He eyed the still-visible stain on the front of her silky white blouse doubtfully. When Chloe had made that sudden grab for another piece of pizza, he and Trask had reacted like old pros. He'd reached for the pitcher of pop, while Trask had steadied the table. He'd made a move as if to stop the pizza from reaching its inevitable destination but had checked himself. Kate had been grateful. She'd much rather deal with the stain than his hand's proximity to her breast.
“Like I said,” he repeated, “you're a good sport. Send me the bill for the blouse.”
She shook her head. “I think I'll be able to get the stain out. And Chloe really seemed to enjoy herself tonight.”
“With three adults lavishing her with their undivided attention, what's not to enjoy? But judging from the number of times she said so, yeah, I'd say you're right. And we haven't even got to the best part of the evening yet.” At her uncomprehending look, he explained, “The presents.”
“I really should be getting home.”
“What? And miss all the âsa-prises?'” Michael asked, his tone shocked. His voice lowered as he leaned toward her and murmured, “Stick around, Miss Rose. The best is yet to come.”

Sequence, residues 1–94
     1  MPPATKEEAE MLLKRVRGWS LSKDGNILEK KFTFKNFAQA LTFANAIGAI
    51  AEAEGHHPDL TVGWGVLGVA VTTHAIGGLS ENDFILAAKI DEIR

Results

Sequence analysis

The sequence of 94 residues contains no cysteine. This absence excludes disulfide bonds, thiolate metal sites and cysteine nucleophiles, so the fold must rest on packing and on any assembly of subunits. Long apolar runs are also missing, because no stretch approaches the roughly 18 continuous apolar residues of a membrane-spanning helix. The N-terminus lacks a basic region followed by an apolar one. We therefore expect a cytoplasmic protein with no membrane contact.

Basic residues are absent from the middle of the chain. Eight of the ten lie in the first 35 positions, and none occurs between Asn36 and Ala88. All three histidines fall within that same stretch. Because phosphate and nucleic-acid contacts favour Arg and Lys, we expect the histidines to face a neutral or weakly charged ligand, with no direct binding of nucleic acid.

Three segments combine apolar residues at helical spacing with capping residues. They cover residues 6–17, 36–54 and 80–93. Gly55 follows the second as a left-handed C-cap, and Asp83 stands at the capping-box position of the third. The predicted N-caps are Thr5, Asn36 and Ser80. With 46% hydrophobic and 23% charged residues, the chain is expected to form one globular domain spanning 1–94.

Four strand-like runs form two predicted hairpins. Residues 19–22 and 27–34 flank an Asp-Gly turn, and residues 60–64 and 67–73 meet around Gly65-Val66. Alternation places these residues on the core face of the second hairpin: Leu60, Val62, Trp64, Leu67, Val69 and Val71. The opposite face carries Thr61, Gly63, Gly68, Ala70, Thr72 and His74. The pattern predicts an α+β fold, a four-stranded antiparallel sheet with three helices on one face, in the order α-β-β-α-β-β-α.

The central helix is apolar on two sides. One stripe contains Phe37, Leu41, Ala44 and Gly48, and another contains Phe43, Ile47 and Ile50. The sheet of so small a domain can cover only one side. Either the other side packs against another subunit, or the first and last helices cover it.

“You hid the sa-prises real good, Daddy,” Chloe said as the car moved up a long driveway. “I never did find them.”
Michael snagged one of his daughter's pigtails. “Are you admitting that you were snooping, munchkin?”
She shook her head vehemently. “Uh-uh! Honest! I was just helping Mrs. Martin clean. I cleaned in all the closets and under all the beds.”
“And anywhere else a present might be found,” Michael added amusedly. “I'm sure Mrs. Martin appreciates your yearly acts of assistance.”
“Do you still need to stop in the stables to speak to Hank, Michael?” Trask's deep voice rumbled.
Michael snapped his fingers. “Gosh, thanks for reminding me, Trask. I do have to talk to Hank tonight. You don't mind, do you, munchkin?” he asked Chloe. “It won't take long.”
He explained in an aside to Kate, “Hank's our stable manager. I need to stop in and talk to him about my stallion's training.”